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Taking Italian lessons during lockdown
Written by Alan Friedman, guest writer
30 March 2020
How are Italy’s business leaders coping with the coronavirus?
Not so well, is the short answer. Every business except for supermarkets and pharmacies is suffering, and chief executives are fearful that neither the government nor the rest of Europe are doing enough.
Italy’s economy is in free fall, the country has a mortality rate above 10%, the national lockdown has brought a virtual halt to all but essential activity, and the government’s initial aid package for families and companies – just €25 billion – is insufficient to staunch the economic bloodbath. Worse still, the highly indebted country is having a much harder time pledging a big ticket rescue package than other places such as the United States, UK or Germany.
The Confindustria national association of employers has been at loggerheads with the government, trying to keep some sectors going. The all-important tourism sector is dead in the water. The textile/fashion sector, second only to tourism, has seen a collapse in orders. And the supply chain shock of imported components has combined with the recessionary demand shock to produce what is clearly a deep recession.
On a positive note, what is most striking is the way a number of Italian companies are retooling rapidly to produce much needed masks and gloves and disinfectants and ventilators. Italy’s so-called third sector of non-profit voluntary associations has performed admirably in helping the poor, while crowd-funding initiatives have raised millions to help buy hospital equipment for the hardest hit places in Lombardy and elsewhere.
Giorgio Armani has not only made multimillion euro donations but he has retooled his legendary fashion house to make personal protective clothing for doctors and nurses. He is not alone. This is the way business leaders can both protect their reputations and actually do some good. In fact, the solidarity, the humanity, the empathy that I have seen amid the desolation is positively heartwarming.
Perhaps the most generous actions I would like to cite are coming from Banca Intesa San Paolo, which is Italy’s biggest banking group. The bank made a €100 million euros donation toward vaccine and medical research; then it pledged €15 billion euros, a staggering amount, in virtually zero interest rate loans to help struggling companies that are facing liquidity shocks or the risk of closure. This is real money, and it matters, and Intesa’s chief executive, Carlo Messina, deserves a big round of applause for his courage and generosity.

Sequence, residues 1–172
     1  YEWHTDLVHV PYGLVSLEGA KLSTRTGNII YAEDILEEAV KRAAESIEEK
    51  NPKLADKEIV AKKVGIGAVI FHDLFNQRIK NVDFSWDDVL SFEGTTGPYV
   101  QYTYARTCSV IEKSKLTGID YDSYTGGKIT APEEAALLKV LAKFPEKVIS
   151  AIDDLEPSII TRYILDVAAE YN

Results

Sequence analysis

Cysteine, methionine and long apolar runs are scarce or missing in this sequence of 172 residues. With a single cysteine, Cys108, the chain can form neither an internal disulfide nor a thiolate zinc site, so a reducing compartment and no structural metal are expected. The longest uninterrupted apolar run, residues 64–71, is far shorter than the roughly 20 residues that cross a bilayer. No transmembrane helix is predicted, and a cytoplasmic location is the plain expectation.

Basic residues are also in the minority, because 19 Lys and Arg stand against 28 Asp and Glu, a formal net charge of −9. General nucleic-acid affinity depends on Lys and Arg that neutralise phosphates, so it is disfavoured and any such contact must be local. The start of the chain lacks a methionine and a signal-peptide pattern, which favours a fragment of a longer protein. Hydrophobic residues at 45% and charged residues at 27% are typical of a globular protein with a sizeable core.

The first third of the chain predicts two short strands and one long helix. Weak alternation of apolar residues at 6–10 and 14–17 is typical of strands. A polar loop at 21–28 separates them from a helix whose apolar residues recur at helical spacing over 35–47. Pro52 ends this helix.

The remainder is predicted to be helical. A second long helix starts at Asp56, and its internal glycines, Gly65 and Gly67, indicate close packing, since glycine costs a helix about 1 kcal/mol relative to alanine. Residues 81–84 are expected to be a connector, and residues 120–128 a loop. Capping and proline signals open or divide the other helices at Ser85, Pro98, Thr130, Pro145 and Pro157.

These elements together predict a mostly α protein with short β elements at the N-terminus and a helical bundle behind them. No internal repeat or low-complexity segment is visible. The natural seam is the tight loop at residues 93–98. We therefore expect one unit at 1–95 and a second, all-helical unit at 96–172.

When the worst is finally over – and let’s remember that Italy’s coronavirus curve is weeks ahead of the UK or US trajectories – there may well be some permanent structural damage to the industrial base of the country, as occurred after the financial crisis of more than a decade ago. Ditto regarding employment levels. But the government is committed to second and third rounds of financial aid, and if that means deficit borrowing and a higher debt level, so be it.
The old Maastricht deficit rules have been suspended by the European Commission, the European Central Bank – after a bad stumble by Christine Lagarde at the start – has now pledged unlimited quantitative easing. And as Mario Draghi put it so articulately in his Financial Times article a few days ago, this is a disaster of potentially biblical proportions, the equivalent of war, and the world will have to get used to living with a permanently higher level of indebtedness.
Essentially Italy’s solution, and that of much of Europe, will have to lie in monetising the debt, come what may. This is the only way that Italian industry will survive, and the same may be true elsewhere.
The lessons for Boris Johnson’s Britain should be clear for all to see.
Alan Friedman is a journalist, bestselling author, television personality and producer, and documentary maker who has spent the past 30 years as an award-winning correspondent and commentator with The Financial Times of London, The International Herald Tribune/New York Times, The Wall Street Journal Europe, and Italian television. Mr Friedman is also a former contributing editor at Vanity Fair and The New Yorker. He is presently an opinion columnist for Italy’s La Stampa newspaper. He is also the author of This Is Not America (Biteback Publishing, UK).